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The Best Job-Hunting Tips for Executives

Do a Google search for “job” and “tips” and you get nearly 200 million results.

Businessman
Businessman

Everyone, it seems, has some advice to offer you if you’re looking for a job.

There are inspirational poems. Haikus. And "duh" tips like: Unemployed people should clip coupons.

We sorted through the mounds of advice out there — so you don't have to — and came up with the six best, most actionable pieces of advice for job seekers.

How to Keep Your Confidence Up. Most people are pretty confident in the early stages of their job search. But as unemployment drags on, confidence begins to wane. Once the doubt starts to creep in, you turn on yourself. Workplace columnist Anita Bruzzese offers some tips to avoid the downward spiral, including “keep a list of your skills” and “stop blaming yourself.”

Sure, age discrimination is illegal, but looking younger still matters. And we’re not talking about Botox and a bright-colored tie. Being perceived as younger can give you an edge in an interview. TheLadders.com offers a few tips for shaving 10 years off your image. “If you are over 40, I want you on Facebook today,” writes Stephen Viscusi, the author of “Bulletproof Your Job.” Your other homework assignments are to visit your local Apple store and watch an episode of “Family Guy.” Brilliant.

Mine Your Former Company's Network. If you're already using social-networking sites, congratulations. Now it's time to take it to the next level. If you're connected to executives at your former company using a site like Linked In, mine their networks for executives at other companies in your field, says one tipster on LayOffMoveOn.com, who found three job leads this way. It saves you time on research — and highlights organizations that respect your former company.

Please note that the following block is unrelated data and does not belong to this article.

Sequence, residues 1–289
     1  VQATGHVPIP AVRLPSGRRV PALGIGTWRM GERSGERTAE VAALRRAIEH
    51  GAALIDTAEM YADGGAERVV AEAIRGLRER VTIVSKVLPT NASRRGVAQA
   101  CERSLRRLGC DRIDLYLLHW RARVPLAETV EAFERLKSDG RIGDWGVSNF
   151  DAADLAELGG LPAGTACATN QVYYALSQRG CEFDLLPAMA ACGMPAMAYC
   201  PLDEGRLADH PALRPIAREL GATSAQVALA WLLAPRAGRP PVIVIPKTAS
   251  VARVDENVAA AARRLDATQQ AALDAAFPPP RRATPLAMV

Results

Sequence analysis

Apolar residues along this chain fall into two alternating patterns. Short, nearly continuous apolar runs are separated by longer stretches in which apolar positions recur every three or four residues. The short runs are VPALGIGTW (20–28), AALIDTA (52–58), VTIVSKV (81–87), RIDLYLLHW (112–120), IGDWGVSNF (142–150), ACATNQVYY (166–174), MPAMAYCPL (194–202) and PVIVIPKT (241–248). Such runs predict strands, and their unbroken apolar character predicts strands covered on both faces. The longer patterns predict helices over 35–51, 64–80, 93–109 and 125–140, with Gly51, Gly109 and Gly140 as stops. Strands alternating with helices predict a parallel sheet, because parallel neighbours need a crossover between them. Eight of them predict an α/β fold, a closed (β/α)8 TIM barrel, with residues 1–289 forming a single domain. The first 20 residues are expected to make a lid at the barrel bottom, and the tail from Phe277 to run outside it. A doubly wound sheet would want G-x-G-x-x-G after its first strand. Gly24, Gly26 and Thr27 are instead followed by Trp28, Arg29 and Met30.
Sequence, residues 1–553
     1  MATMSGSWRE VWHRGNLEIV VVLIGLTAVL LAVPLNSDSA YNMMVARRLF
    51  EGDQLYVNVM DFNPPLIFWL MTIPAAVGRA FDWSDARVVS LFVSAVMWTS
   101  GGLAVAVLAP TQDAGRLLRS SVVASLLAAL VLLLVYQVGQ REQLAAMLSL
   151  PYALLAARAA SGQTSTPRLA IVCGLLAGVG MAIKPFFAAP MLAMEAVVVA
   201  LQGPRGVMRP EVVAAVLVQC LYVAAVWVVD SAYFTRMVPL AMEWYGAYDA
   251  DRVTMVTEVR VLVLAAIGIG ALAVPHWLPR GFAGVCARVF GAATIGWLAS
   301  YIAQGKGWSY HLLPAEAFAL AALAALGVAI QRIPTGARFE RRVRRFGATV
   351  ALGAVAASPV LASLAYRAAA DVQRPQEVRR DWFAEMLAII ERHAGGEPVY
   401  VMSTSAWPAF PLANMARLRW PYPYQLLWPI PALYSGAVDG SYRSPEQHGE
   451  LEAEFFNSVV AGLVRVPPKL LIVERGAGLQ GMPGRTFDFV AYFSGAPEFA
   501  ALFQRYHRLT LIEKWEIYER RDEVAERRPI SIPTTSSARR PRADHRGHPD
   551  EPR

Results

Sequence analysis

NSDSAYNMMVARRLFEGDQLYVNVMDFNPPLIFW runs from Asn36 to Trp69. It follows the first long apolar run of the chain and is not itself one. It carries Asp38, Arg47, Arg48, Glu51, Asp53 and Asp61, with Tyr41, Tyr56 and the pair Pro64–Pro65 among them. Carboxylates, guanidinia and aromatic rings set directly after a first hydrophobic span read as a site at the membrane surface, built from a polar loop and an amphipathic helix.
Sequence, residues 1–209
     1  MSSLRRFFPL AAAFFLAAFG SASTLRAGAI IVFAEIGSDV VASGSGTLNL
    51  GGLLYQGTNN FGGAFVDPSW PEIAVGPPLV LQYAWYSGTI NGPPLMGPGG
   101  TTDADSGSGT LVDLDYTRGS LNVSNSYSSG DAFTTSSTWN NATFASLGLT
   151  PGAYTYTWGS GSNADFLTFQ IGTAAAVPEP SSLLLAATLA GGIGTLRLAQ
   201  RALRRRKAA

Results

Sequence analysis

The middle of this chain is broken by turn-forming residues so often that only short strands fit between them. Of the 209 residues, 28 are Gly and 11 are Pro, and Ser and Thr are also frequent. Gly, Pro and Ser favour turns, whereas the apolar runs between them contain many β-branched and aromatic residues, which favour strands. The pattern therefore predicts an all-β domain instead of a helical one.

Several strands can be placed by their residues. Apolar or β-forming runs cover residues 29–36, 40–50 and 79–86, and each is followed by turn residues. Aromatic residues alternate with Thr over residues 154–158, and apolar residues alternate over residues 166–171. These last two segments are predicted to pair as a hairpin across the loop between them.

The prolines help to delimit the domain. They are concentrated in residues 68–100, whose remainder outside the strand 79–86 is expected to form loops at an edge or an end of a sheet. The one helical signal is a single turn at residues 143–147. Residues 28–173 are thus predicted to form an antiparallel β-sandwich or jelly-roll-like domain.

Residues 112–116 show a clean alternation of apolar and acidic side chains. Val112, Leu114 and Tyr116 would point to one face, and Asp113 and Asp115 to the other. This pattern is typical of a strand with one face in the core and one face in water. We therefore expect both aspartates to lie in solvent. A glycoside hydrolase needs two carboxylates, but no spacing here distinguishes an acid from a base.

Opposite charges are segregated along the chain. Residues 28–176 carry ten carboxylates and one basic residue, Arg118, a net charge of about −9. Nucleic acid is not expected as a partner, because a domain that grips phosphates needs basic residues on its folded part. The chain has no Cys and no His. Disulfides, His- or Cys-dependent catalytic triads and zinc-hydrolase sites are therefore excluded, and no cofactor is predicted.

The Ultimate Job-Search Tool. You know what sets you apart from the world’s richest man, Bill Gates? 1) He would never say he’s “not tech savvy.” And 2) He knows how to manage his time — using technology. It’s not enough just to peruse news and other sites relevant to your field. That takes a lot of time. What would Bill Gates do? He’d use an RSS feed, that’s what. It basically uses technology to comb the Web for the information that is critical to you — and your job search. Careerealism.com calls it “the ultimate career tool.” Complete with how-to video.

Positions That Are in Demand. If the jobs lost in your field aren’t coming back anytime soon, it may be time for a career switch. But, it’s not enough to just think of what else you might be interested in. You’ve got to find out where the demand is right now, and then choose your new career path from that list. CareerVoyages.com keeps track of all the latest news articles on where the hot jobs are. One of the latest lists shows college professors and intelligence analystsare in the top 10 right now.

To calculate the salary for these fields, check out Job Central’s salary calculator.

10 Reasons That Your Job Search Isn’t Working. You think you’re doing all the right things but you’re still not finding that next job. Maybe it’s time to consider that maybe you’re NOT doing all the right things. Sorry, sir. Someone had to tell you. Liz Ryan, Yahoo’s “Savvy Networker” columnist, offers 10 reasons why your job search may not be working, including the fact that you may be out of sync with the marketor you’re asking potential employers what you’re good at — instead of telling them.

Read it. Regroup.

It’s important not to get lost in the overgrowth of useless information out there that will suck your time like a vacuum. But, job hunting is very stressful and you do need a little comic relief now and again. Check out "Letters to Your Former Employer"Read ‘em, then write your own!

Just don’t mail it.

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Questions? Comments? Write to ponyblog@cnbc.com.

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